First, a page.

Submitted to: American Journal of Physiology - Heart and Circulatory Physiology
Publication Type: Peer Reviewed Journal
Publication Acceptance Date: 2/20/2007
Publication Date: 9/1/2007
Citation: Chandler, M.P., Morgan, E.E., Mcelfresh, T.A., Kung, T.A., Rennison, J.H., Hoit, B.D., Young, M.E. 2007. Heart failure progression is accelerated following myocardial infarction in type II diabetic rats. American Journal of Physiology - Heart and Circulatory Physiology. 293(3):H1609-H1616. Interpretive Summary: The strongest risk factor for the development of heart disease is diabetes, of which type II diabetes is the most common form in humans. Furthermore, patients with type II diabetes have a worse prognosis when heart disease develops. The purpose of the present study was therefore to determine whether type 2 diabetes accelerates heart disease after a heart attack (myocardial infarction). The results show that type 2 diabetes accelerates heart disease after a heart attack (myocardial infarction), in rodents.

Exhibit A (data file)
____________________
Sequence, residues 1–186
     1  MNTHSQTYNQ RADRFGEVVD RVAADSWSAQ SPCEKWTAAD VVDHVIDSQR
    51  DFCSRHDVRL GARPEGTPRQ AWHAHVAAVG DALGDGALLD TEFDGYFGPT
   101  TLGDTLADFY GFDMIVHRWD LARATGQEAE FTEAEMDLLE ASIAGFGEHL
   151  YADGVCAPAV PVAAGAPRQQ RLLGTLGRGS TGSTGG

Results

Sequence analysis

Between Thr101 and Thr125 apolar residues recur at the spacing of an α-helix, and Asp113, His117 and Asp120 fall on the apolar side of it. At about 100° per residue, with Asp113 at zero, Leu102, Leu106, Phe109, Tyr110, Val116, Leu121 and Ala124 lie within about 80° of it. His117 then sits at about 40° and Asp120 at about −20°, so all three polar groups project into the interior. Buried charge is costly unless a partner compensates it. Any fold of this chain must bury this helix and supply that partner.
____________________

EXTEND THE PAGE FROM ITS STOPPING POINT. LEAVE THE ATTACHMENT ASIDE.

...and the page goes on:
Technical Abstract: Clinical studies have shown a greater incidence of myocardial infarction in diabetic patients and following an infarction, diabetes is associated with an increased risk for the development of left ventricular dysfunction and heart failure. The goal of this study was to determine if the progression of heart failure following myocardial infarction in type II diabetic (T2D) rats is accelerated compared to non-diabetic rats. Male non-diabetic WKY and T2D Goto-Kakizaki (GK) rats underwent coronary artery ligation or sham surgery to induce heart failure. Eight and twenty weeks post-ligation, 2-D echocardiography and left ventricular pressure measurements were made. Heart failure progression, as assessed by enhanced left ventricular remodeling and contractile dysfunction and was accelerated eight weeks post-ligation in the T2D animals. Left ventricular remodeling was evident from increased end-diastolic and end-systolic diameters and areas in the GK compared to the WKY ligated group. Furthermore, enhanced left ventricular contractile dysfunction was evident from a greater deterioration in fractional shortening and enhanced myocardial performance index (an index of global LV dysfunction) in the GK ligated group. This accelerated progression was accompanied by greater increases in atrial natriuretic factor and skeletal α-actin (gene markers of heart failure and hypertrophy) mRNA levels in GK ligated hearts. Despite similar decreases in metabolic gene expression (i.e., PPAR regulated genes associated with fatty acid oxidation) between infarcted WKY and GK rat hearts, myocardial triglyceride levels were elevated in the GK hearts only. These results, demonstrating enhanced remodeling and left ventricular dysfunction eight weeks post-ligation provide evidence of an accelerated progression of heart failure in type II diabetic rats